In the older running of the now two D&D games I find myself DMing, I ran my first successful dungeon recently. I say first successful, because for the first time I feel the dungeon ran smoothly. Yes, it had challenges and hiccups that the players had to deal with, but at the table it ran smooth. I don't owe this smoothness to extended prep time - though it did involve that. No, I owe it to using a random dungeon map and filling that in with what I needed - and fixing what I needed to what it offered. Today I want to talk about that.
I Hate My Own Work
One of the things I should clarify is that when it comes to building designs, or dungeon designs, I tend to hate my own work. I'm not sure what it is, but my stuff is never up to muster. I'm not saying it's good work but I lack faith in it. My designs are...rough...at best it feels. I don't have a full comprehension for how things are supposed to go together and so I always feel like it looks awkward, if only because I know that what I have is just random lines.
However, put a map- or blueprint for a building- in front of me and if I like it I can make it work. That is what I did here.
I used donjon.net's random dungeon generator. This tool is awesome. It can build the entire dungeon for you. You give it the level and size of your party, the theme for the dungeon, and a few other control bits - like layout type you want - and it will give you a whole dungeon complete with traps, encounters, wandering monsters for random encounters, and treasure. It's incredible.
I looked over all that extra fluff and content for ideas - and some of it stuck - but mostly I wanted the map itself. Just the layout of where corridors are vs. rooms vs. doors and that sort of thing. Trust me, random generation done by an algorithm looks better than anything I've ever come up with.
The next step with the map is to apply the NPCs to the map. The dungeon was built, or purposed, by this group and so it's important to have their flair there. Why do they have the layout they have is one question you have to answer. You also want to keep the monster in mind when setting traps and encounters. Kobolds are going to leave different traps than Dragons, and a group of bandits with no magic to their name aren't going to fill their base with a bunch of lightning bolt traps. Right?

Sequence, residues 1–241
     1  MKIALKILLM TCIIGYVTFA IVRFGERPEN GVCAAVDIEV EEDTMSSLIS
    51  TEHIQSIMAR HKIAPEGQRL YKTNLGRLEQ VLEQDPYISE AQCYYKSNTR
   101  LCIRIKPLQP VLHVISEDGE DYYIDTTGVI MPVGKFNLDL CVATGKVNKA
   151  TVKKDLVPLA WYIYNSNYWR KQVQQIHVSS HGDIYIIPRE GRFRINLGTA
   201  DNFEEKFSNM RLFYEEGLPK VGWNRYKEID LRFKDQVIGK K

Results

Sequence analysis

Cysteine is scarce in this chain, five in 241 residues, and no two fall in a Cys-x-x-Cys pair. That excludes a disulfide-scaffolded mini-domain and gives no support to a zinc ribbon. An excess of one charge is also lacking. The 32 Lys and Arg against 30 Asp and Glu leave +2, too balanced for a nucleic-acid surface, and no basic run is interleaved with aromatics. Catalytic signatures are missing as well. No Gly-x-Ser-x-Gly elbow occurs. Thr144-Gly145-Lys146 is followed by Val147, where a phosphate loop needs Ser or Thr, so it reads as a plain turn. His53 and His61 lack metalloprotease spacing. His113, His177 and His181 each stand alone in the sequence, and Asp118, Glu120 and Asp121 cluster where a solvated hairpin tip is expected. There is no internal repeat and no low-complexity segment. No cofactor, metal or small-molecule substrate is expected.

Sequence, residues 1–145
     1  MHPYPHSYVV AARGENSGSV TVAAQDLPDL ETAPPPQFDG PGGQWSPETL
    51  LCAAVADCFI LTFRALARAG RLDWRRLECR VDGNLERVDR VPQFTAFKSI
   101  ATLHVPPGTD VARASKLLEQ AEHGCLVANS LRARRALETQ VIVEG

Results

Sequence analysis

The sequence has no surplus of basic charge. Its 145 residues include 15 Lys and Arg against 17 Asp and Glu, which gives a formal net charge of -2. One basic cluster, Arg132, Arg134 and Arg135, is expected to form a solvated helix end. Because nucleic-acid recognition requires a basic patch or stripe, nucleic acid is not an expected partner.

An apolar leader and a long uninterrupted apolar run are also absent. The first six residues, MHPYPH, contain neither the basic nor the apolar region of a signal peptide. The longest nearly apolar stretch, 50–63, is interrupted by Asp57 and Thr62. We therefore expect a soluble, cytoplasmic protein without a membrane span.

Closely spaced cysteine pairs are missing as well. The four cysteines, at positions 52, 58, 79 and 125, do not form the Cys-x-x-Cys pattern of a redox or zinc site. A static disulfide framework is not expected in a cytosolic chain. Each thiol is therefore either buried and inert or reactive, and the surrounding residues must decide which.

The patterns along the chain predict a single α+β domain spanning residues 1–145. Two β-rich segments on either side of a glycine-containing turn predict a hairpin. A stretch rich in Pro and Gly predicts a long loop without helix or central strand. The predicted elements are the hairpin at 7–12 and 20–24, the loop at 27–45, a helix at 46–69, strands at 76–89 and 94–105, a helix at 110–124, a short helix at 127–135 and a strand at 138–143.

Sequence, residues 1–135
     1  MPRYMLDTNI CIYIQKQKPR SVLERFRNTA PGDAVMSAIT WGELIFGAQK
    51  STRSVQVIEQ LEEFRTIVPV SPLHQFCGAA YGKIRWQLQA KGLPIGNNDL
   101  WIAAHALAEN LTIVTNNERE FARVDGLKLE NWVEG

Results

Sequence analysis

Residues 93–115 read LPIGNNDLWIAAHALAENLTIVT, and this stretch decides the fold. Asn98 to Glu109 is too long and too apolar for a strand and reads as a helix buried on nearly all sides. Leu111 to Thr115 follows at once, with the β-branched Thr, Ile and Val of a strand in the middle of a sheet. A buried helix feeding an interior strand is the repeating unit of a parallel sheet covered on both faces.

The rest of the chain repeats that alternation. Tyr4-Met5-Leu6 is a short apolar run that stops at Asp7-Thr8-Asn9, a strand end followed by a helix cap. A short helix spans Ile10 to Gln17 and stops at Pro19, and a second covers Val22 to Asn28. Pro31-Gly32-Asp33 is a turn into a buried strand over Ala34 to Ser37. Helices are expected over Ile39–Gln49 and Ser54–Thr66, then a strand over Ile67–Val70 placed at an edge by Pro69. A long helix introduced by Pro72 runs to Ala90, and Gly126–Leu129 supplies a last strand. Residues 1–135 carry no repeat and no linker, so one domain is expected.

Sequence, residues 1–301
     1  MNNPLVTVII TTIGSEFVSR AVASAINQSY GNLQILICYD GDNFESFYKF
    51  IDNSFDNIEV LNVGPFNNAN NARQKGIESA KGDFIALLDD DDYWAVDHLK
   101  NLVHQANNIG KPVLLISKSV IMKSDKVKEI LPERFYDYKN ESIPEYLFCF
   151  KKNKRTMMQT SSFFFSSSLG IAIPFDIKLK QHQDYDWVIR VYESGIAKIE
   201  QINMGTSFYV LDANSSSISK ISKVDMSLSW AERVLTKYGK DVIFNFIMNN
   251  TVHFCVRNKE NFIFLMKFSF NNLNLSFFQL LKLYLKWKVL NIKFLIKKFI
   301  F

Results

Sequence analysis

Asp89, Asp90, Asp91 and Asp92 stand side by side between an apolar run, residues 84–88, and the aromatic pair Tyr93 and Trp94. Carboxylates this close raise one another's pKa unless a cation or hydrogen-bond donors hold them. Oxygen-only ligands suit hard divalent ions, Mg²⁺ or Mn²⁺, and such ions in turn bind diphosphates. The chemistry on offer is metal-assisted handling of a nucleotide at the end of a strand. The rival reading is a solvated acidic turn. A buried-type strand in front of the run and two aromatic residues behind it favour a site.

Make Small Modifications As Necessary
Sometimes parts of the map don't work with what the story says should be there, or what the NPCs would do. In those case, just make a simple modification to the map. Add corridors, rooms, or whatever else you need. You can only bend the characters to the map so much, and when you pass that point it's time to bend the map to them.
Remember Not To Make It Too Hard To Get In
One of the things some dungeon makers forget is that the dungeon has to be navigable by some means. I don't mean as game balance, but as a story. There is an old addage, make it too hard to get in and you can't get out. The same is true for dungeons. A Dragon isn't going to be interested in a lair they can't escape or leave, and there is no point in having a dungeon set up to guard something if you can't get to it when you want to.
Odds are there is a specific type of intruder that the owner of the dungeon is trying to keep out, and that should be kept in mind. Every encounter in a dungeon shouldn't be a hard fight - unless the dungeon was specifically set up for the PCs. And the dungeon should be set up with a number of approaches in mind to defend against.
Don't Underestimate Curiosity
As a final tip, don't underestimate curiosity of the players. Some traps can be blatantly obvious. As obvious as a level just sitting out in a hallway. Many players, especially experienced ones, will 'clear' the dungeon to make sure they get everything, and that can be used to make sure they hit some of the snags while their approach may help them skip others.
Ultimately, you should have fun with it. Have fun building the dungeon. Have fun running the dungeon. Just remember, the Players - but maybe not their characters - should be having fun too.